She told me she bought jars of dill pickles from the store, drained the juices, and soaked them for a week in her own solution of sugar and spices. She then brought them to the market and sold them at a markup. That’s not my idea of home-production. That’s also not my idea of sustainable.

Several vendors were selling produce. One guy was selling mostly garlic. Another producer had a large corner booth with various bins of produce, all of it fresh. We bought our vegetables from him. But, when we tried to engage him in a little conversation about his farm, he was less than forthcoming. Perhaps he was tired. I’ll give him the benefit of the doubt.

I found this interesting because I used to produce honey and sell it at swap meets.  I always took time to answer questions.  I wanted to clear up misconceptions about bees, as well as to promote an understanding and an appreciation for my product.  I am more likely to pay a higher price to support a local producer if he or she is also a neighbor with whom I have a bond, even if the bond is just friendliness.

I am curious to discover how the vegetables are grown, and what techniques are used. This producer didn’t advertise himself as “organic”. And that’s fine. I might still buy if I perceive a general concern with the environment, and that non-organic applications are used judiciously.

A couple of other guys were selling vegetables, with a large sign that screamed, “Organic.” I spoke to them for a while. I wanted to know where they were growing their food. They told me, but what I was told didn’t quite add up. What I am about to say isn’t an accusation, because I don’t know. I am merely voicing my suspicions.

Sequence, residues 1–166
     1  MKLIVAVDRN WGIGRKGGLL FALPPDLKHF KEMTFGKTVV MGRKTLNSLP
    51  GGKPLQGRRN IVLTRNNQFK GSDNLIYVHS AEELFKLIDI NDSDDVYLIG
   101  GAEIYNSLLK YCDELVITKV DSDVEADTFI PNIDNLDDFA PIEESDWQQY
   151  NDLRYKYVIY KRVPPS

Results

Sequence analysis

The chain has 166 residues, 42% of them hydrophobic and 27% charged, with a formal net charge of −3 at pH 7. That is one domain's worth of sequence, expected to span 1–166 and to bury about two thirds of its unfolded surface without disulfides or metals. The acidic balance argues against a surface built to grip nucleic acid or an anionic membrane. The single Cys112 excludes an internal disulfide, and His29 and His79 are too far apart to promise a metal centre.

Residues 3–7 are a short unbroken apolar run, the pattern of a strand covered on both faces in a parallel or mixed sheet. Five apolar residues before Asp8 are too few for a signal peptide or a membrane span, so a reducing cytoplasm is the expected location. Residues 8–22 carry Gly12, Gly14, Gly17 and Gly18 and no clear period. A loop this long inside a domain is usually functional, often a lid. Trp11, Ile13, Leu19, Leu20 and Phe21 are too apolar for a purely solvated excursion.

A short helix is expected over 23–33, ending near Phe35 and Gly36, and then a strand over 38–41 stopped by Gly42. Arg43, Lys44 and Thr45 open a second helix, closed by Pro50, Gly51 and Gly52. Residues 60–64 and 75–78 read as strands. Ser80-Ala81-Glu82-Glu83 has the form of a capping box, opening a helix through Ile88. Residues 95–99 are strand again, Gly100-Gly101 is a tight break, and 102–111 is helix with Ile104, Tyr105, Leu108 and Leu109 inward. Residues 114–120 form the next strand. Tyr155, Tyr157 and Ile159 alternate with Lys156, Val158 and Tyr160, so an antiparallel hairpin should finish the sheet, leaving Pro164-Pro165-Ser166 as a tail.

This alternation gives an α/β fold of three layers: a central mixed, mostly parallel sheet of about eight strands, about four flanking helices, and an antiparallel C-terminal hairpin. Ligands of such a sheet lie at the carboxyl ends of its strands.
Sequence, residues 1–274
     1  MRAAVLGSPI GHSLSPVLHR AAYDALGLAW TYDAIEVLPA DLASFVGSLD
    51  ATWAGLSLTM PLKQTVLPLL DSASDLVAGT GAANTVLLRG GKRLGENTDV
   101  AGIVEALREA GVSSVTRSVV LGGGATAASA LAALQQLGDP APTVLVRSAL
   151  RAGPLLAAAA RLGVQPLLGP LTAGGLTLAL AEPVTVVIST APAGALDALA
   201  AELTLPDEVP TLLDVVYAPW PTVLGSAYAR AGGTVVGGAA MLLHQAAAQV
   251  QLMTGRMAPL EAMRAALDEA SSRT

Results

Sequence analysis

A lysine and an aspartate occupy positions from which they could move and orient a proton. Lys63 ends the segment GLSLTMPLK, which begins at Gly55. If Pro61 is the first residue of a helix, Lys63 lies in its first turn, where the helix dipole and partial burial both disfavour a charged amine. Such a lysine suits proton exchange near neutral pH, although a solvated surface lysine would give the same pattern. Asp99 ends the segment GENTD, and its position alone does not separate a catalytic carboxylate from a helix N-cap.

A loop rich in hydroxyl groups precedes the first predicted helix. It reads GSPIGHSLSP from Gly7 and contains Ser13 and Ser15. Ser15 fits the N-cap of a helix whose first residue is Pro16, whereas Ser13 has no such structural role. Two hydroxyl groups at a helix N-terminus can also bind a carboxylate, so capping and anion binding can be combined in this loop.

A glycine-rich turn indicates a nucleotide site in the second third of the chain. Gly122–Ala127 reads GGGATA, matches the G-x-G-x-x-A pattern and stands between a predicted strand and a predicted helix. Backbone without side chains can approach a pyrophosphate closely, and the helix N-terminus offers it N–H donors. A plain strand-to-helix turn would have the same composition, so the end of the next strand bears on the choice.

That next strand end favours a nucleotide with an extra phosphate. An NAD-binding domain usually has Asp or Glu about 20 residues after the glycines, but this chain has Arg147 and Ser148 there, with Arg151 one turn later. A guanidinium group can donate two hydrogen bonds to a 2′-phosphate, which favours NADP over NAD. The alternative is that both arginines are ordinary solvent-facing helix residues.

They have a farm inside of Phoenix proper. They lease their land, and have been on it for six months. Real-estate speculators buy raw land and sit on it until the right deal comes along. Tax rates on large properties bought under these circumstances can be quite high. These two farmers were leasing 25 acres, which might cost the owner of the land more than a hundred thousand a year in taxes. But, a lower rate is awarded to agricultural land. This is designed to not punish farmers with taxes they could never afford.

A speculator can lease out a minimum of 25 acres for agricultural use and his land is then taxed at the lower rate. These two farmers can get the use of the land for practically nothing and the landlord still makes out. It’s a good arrangement for everyone.

I am skeptical to the claims of ‘organic’, though, for the following reason. They have only been farming the land for six months, and they had beautiful, large vegetables. It takes a while to build soil fertility to the point that a variety of vegetables grow so well.

It may be that the land was farmed by someone else before they brought their operation there. In that case, there might be a lot of residual fertility in the soil from the efforts of the previous farmers. I could accept their claims to being organic under those circumstances.

The first year we dug up our garden after buying our house we had a great garden, because the lawn that previously occupied the space had been heavily fertilized by the previous owner. The next two years weren’t so good. These guys might be enjoying the same situation.

But, if the land was just an abandoned field in an urban area, I am more skeptical to their claims of being organic. You just don’t plant seeds and magically enjoy such great yields.